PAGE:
Over the last two years, we've seen U.S. domestic airline amenities cut back and fees put in place for things that used to be free.
Many airlines have eliminated pillows and blankets, ostensibly in the name of hygiene. One can genuinely agree with the merits of this idea, yet that justification has nicely underpinned offers for passengers to buy their very own new pillows and blankets; do we really imagine that it was primarily health and not revenue that led to the move?
Then there's luggage. Free checked baggage used to be a given, but most airlines now charge even for a first checked bag, and only Southwest still allows two free pieces of checked luggage per passenger. Spirit has gone the opposite direction and added charges for carry-on bags in addition to those for checked luggage, telling passengers in effect that their ticket prices are genuine only for those who have no intention to stay more than a few hours and are pointedly not traveling on business.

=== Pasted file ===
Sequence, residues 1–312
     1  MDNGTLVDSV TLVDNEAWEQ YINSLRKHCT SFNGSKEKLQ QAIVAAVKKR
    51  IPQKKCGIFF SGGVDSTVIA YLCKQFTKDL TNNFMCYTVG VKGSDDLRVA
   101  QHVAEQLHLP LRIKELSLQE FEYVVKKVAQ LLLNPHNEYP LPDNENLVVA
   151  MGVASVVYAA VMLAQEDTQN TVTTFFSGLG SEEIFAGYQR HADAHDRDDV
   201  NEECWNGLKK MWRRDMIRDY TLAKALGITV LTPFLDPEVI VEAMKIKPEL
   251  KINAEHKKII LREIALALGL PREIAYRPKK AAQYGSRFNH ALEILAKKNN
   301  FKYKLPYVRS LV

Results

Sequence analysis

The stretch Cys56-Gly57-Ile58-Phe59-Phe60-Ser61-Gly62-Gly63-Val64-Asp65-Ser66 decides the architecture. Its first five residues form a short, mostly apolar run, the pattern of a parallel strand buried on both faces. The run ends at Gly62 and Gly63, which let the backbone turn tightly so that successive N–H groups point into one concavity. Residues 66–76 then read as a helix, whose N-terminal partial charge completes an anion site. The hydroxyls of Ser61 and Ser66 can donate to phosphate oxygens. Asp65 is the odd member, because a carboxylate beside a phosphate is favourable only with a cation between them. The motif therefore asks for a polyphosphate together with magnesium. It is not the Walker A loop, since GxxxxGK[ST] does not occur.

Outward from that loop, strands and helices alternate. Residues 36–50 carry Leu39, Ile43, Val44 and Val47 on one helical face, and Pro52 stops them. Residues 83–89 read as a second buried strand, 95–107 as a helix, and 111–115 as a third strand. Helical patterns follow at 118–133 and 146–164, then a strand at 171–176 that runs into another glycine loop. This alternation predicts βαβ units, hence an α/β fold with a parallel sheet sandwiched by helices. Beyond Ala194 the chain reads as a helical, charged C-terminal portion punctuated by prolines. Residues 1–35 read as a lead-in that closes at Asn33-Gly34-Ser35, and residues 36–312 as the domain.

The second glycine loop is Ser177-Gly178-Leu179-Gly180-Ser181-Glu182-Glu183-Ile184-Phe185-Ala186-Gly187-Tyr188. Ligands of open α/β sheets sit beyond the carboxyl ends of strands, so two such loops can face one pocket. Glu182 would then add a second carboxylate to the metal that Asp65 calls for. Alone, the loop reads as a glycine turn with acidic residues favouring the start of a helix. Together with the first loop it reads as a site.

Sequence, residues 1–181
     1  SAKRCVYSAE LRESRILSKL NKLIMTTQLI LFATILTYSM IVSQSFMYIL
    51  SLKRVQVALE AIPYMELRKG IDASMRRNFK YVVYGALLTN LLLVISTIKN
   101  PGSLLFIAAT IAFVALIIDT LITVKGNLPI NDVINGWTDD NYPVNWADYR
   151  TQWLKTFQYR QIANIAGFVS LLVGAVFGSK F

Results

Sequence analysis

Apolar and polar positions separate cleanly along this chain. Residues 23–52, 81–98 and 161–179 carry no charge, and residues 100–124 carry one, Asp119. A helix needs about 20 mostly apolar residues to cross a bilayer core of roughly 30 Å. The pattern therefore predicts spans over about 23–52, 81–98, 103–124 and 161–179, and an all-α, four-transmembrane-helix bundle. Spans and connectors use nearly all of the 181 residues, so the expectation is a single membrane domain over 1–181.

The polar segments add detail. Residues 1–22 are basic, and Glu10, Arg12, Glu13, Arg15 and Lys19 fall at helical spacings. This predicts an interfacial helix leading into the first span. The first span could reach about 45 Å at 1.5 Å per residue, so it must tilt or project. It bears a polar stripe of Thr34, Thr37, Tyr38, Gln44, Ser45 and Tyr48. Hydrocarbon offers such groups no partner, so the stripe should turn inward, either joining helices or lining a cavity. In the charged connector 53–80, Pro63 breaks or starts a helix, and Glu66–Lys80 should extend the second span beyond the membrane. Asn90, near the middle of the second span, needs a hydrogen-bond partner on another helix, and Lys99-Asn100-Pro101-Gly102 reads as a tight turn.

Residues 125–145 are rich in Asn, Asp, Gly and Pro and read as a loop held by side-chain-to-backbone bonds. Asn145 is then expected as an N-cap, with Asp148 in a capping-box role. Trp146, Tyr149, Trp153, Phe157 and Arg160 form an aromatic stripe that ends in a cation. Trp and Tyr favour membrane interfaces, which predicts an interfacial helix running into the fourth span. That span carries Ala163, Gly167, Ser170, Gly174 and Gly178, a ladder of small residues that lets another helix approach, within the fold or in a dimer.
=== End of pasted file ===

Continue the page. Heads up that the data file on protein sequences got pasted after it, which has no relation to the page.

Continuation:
And, of course, food and beverages. The industry balked at U.S. Airways' 2008 attempt to charge for all drinks (something that low-cost carriers in other countries do). But complimentary meals, which had been waning since the traffic declines after September 11, 2001, finally vanished this year when Continental pulled the plug.
There's an interesting countertrend emerging, though: while airlines are charging for things that never cost money before and charging more for things that used to cost less (like curbside luggage and alcoholic beverages), they are also taking more opportunities to extend those benefits for free or at discounted rates to passengers who qualify.
Again, take luggage. The legacy carriers charge $25 or more for a first checked bag and up to $50 for a second. But if you hold elite status with the airline you're traveling -- or if you're an elite member of a partner airline -- you won't pay that fee.
Similarly, Continental recently boosted the cost of onboard alcoholic beverages from $5 to $6. But if you're paying with a Continental credit card, you'll actually pay $4 -- less than you paid before the price went up.
In the months ahead, keep a lookout for more of these special discounts and benefits. They may move people around in the skies, but airlines are in business to make money. For a while, they forgot that. Now, they're remembering, and airlines are bound to expand the list of what is given at no cost to their most profitable customers.